Provided by: kerneltop_0.91-2_amd64
kerneltop - shows kernel function usage in an interactive style like 'top'
kerneltop [ options ]
This manpage documents version 0.8 of the program.
The kerneltop command uses the /proc/profile and the kernel system map to print ascii data on standard output, updated once a second. The output is organized in three columns: the first is the address of the function, the second is the name of the C function in the kernel, and the third number of clock ticks the function has taken. The output is filled with blanks to ease readability, and can either be sorted by the number of ticks per function (the default), or the address of the function.
Available command line options: -m mapfile Specify a mapfile, which by default is /boot/System.map, or /boot/System.map-`uname -r` if /boot/System.map doesn't exist. You should specify the map file on the command-line if your current kernel isn't the last one you compiled, or `uname -r` does not refer to the correct suffix for the current System.map file. If the name of the map file ends with `.gz' it is decompressed on the fly. -p profile Specify a different profiling buffer, which by default is /proc/profile. This should only be necessary if the proc filesystem is mounted somewhere other than /proc. -l lines Lines. Number of lines to print on the display. Default is 20 and the maximum is 100. -s seconds Sleep time between each pass in seconds. Default is 1 second. -t ticks Lower threshold number of ticks to print. Default is 1 tick. -u Unsorted output. Default is sorted (by ticks). Note that unsorted output is actually sorted by address. -V Version. This makes kerneltop print its version number and exit.
Display 46 lines of output (useful for 50 line terminals): kerneltop -l 46 Show only proceses that use 5 ticks or more: kerneltop -t 5 Show unsorted output by default: kerneltop -u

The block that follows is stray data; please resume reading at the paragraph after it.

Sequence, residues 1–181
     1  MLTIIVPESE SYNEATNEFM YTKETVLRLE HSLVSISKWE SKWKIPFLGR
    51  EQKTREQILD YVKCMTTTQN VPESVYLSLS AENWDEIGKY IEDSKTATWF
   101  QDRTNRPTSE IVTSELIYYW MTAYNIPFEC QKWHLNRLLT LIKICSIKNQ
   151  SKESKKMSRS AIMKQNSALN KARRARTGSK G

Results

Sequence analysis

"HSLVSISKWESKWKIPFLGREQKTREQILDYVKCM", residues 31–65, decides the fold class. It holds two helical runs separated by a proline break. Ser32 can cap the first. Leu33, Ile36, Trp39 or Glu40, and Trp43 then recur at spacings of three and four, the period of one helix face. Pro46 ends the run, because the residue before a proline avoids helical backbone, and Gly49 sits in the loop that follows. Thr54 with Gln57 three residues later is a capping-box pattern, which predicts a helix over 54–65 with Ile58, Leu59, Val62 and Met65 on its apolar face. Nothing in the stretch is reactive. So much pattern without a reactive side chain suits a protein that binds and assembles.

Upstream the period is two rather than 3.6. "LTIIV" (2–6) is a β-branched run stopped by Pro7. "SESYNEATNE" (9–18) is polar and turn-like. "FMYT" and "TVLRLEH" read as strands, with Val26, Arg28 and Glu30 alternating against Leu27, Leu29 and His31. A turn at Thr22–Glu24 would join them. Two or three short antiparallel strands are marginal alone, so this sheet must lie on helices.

There are a number of interactive commands available in kerneltop. The effect of these commands is documented above under OPTIONS. <h> or <?>: Help This is simply a list of available commands for the interactive mode. <l>: Lines Set number of console lines to use for display <s>: Seconds Set number of seconds between sample periods <t>: Threshold Set lower threshold for number of ticks required to be printed <q>: Quit Leaves the program <u>: Unsorted/Sorted Toggles between unsorted and sorted display (sorted by ticks)
kerneltop works with a 2.6.x or newer kernel. Do not expect previous kernels to work, but they might. YMMV. This program only works with ELF kernels. The change for a.out kernels is trivial, and left as an exercise to the a.out user. To enable profiling, the kernel must be rebooted, because no profiling module is available, and it wouldn't be easy to build. To enable profiling, you can specify "profile=1" on the kernel commandline. See Documentation/basic_profiling.txt , which can be found in the Linux kernel source tree for your kernel for more information. Profiling is disabled when interrupts are inhibited. This means that many profiling ticks happen when interrupts are re-enabled. Watch out for misleading information. Randy Dunlap <firstname.lastname@example.org>
/proc/profile A binary snapshot of the profiling buffer. /boot/System.map The symbol table for the kernel. /usr/src/linux/* The program being profiled :-)
This program is written by Randy Dunlap <email@example.com>, and is largely based on readprofile by Alessandro Rubini <firstname.lastname@example.org>.
readprofile(1), top(1) May 2004 KERNELTOP(1)